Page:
Last Wednesday, a 19-year-old lunatic opened fire at a Florida high school, killing 17 students and teachers and wounding several others. This Valentine’s Day massacre was the 30th mass shooting in the United States so far this year, and the most deadly.
As our fellow citizens raced into their predicable opinion bubbles, ruminating on how to properly react to yet another instance of pointless American carnage, one sentiment struck me with particular force: “If you oppose gun control, you can’t call yourself pro-life.”
On the one hand, an assertion like that speaks for itself. Guns equal death; therefore, to foster life, eliminate the guns. Surely the “pro-life” movement, whose entire platform is based on protecting the young and vulnerable, can appreciate this as well as anyone.
And yet, unfortunately, the world is more complicated than that, if only because of the apparently intractable politics that have enabled America to become the most trigger-happy advanced nation on Earth. Even when overwhelming majorities of the public support certain basic changes to who gets to own deadly weapons in this country—and who doesn’t—the financial tyranny of the NRA over our elected officials guarantees a bloody status quo on guns for many years to come.
Into this breach, I offer a modest proposal: Repeal the Second Amendment once and for all, and in exchange, allow the Supreme Court to overturn Roe v. Wade.
That’s right: I’m suggesting a good old-fashioned trade-off whereby two groups claiming the mantle of “pro-life” can put their money where their mouth is, and two major issues can be addressed in one fell swoop.
Obtuse as it may sound, there is a certain symmetry in tethering gun rights to abortion rights. After all, both are rooted in core constitutional principles—the former in the aforementioned Second Amendment; the latter in the Fourteenth. Both involve the direct, deliberate taking of human life, sometimes for morally dubious reasons. Both provoke deep, painful and ultimately irresolvable debates about what it means to be a free American. Finally, both hinge on the question of federalism and what it would mean, practically-speaking, if we were to radically decentralize certain rights we have heretofore regarded as (to coin a phrase) inalienable.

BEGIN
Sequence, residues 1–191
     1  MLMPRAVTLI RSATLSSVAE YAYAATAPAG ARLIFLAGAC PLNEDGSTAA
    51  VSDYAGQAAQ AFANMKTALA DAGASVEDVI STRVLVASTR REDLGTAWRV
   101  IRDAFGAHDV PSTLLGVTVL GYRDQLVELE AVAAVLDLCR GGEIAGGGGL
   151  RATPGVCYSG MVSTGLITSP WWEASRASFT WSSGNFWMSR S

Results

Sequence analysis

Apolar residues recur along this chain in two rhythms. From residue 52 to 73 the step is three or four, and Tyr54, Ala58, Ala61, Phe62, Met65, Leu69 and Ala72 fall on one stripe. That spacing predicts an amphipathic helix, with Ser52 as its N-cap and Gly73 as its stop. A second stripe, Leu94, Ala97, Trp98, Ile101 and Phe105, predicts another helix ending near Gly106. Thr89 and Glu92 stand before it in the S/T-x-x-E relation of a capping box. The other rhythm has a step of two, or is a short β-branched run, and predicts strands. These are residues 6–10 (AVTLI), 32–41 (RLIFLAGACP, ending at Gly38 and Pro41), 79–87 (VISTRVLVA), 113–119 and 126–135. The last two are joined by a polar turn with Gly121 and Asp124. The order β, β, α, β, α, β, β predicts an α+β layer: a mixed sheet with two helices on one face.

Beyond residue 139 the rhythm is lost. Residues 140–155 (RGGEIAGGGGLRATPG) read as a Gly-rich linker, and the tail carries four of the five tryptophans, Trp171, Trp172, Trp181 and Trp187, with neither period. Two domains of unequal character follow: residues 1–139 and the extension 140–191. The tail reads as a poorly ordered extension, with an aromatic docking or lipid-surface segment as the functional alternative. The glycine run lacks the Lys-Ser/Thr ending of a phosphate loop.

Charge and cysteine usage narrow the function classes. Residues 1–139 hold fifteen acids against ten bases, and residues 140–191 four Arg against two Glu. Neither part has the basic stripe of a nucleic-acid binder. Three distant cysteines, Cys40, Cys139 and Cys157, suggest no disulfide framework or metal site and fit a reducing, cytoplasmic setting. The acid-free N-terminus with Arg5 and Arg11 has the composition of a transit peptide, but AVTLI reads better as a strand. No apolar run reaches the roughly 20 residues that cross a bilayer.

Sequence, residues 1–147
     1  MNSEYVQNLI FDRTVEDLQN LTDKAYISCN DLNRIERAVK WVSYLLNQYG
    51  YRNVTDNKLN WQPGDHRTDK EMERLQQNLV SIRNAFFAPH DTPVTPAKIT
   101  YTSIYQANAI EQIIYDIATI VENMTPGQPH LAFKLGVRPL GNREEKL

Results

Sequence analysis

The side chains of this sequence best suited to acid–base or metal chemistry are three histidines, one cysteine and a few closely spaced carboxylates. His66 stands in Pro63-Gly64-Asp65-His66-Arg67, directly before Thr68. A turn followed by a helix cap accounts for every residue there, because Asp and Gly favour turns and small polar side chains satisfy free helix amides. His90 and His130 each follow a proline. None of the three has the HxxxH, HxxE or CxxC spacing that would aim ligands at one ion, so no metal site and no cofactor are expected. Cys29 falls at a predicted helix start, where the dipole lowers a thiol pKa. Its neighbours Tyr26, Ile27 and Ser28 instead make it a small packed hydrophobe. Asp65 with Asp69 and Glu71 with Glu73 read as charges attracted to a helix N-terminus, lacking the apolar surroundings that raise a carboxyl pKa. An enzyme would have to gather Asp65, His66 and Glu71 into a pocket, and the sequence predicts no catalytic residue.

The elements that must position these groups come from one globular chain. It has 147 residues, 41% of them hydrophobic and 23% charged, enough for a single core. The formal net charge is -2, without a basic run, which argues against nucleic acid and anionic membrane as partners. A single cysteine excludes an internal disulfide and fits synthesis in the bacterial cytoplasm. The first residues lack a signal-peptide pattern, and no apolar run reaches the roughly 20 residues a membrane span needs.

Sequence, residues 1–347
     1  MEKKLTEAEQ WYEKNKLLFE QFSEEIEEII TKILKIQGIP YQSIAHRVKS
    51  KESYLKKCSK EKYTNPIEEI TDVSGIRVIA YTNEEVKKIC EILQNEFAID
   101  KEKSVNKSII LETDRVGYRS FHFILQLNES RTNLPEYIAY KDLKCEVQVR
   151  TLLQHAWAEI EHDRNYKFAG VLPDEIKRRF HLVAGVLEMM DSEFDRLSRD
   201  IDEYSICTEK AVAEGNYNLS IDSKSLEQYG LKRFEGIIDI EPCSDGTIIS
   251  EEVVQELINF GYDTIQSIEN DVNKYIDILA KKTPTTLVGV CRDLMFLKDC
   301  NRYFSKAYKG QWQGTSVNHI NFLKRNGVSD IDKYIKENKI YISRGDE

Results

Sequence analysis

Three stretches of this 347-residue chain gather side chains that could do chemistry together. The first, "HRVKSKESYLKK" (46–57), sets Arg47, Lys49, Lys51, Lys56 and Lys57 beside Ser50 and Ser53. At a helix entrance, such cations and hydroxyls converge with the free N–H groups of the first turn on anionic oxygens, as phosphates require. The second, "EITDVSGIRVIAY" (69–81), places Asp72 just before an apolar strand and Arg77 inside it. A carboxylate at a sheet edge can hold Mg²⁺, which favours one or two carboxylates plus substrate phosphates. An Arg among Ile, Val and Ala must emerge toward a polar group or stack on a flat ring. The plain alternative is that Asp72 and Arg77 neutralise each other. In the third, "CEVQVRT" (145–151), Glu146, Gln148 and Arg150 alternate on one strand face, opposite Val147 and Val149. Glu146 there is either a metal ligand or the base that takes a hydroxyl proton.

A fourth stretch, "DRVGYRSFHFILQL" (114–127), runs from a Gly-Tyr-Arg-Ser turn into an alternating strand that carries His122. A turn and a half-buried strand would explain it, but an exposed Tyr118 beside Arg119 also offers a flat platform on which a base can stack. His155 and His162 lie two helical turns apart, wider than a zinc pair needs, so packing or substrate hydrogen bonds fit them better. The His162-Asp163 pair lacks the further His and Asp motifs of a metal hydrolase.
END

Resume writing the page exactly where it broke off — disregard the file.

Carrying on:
Of course, we’ll never find out the exact answer to that question, since neither the Second Amendment nor Roe v. Wade will be disappearing any time in the foreseeable future—a fact that leaves me half-relieved and half-depressed (not necessarily in that order).
All the same, having witnessed lawmakers’ shameful abdication of leadership in the teeth of one heinous—and utterly preventable—mass shooting after another, I have reached the dispiriting conclusion that our national epidemic of gun violence will never abate unless and until we decide, as a people, that there shouldn’t be a right to bear arms in the first place. While such seemingly obvious fixes as an assault weapons ban or robust background checks would undoubtedly save countless lives, neither addresses the fundamental collective psychosis that is Americans’ fetishization of hand-held killing machines, for which the Second Amendment provides both legal and cultural cover.
Were I to become king, I would gut the Second Amendment tomorrow and hurl every firearm into a volcano. However, since I am not king and we live in a republic, I recognize that, one way or another, effecting truly transformational gun reform will come at a price—and a painful one at that. In a country with such wildly divergent views of liberty and freedom and right and wrong, no major ideological settlement can be made cleanly or simply: There must be a fight, and both sides must be prepared to give at least as much as they are hoping to take.
It’s hard to believe today, but this was something that America used to be able to accomplish. Indeed, look closely enough and you’ll notice a large chunk of modern American life came about through incongruous—if not outright ludicrous—grand compromises, many of them sealed in proverbial smoke-filled rooms or around dinner tables in between bottles of Port. Think Jefferson, Madison and Hamilton agreeing to establish a national bank in exchange for moving the capital from New York to Virginia. Or the Compromise of 1850, which gave us the horrid Fugitive Slave Act, but also California. (The former was eventually repealed. The latter, not yet.) Or the fact that the Constitutional Convention itself gifted us a bicameral legislature, with one house favoring small states and the other favoring large ones.
That was then. Now, of course, we are represented by a Congress that can’t seem to pass laws everyone likes, let alone ones that divide America straight down the middle. Because our body politic has become so irretrievably tribal—so blindingly partisan, so stubbornly zero-sum—the very notion of compromise has increasingly been conflated with weakness, capitulation and ideological selling-out, rather than for what it actually is: the only known way to run a goddamned country.
Hence the rank impossibility of a comprehensive immigration deal—something that could be resolved in an hour if Democrats merely agreed to fund a wall along the Mexican border. Hence the absence of a plan to strengthen Obamacare, which the GOP prefers to cripple out of spite than make work for its own constituents.
Our leaders would rather get nothing than give their opponents anything, and we are all living with the consequences. It would be a terribly unfair quandary for this great country to find itself in, except for the pesky fact that every one of those representatives was democratically elected by us, the people. This is what we wanted, folks, and the madness will continue until we choose—say, on November 6—to make it stop.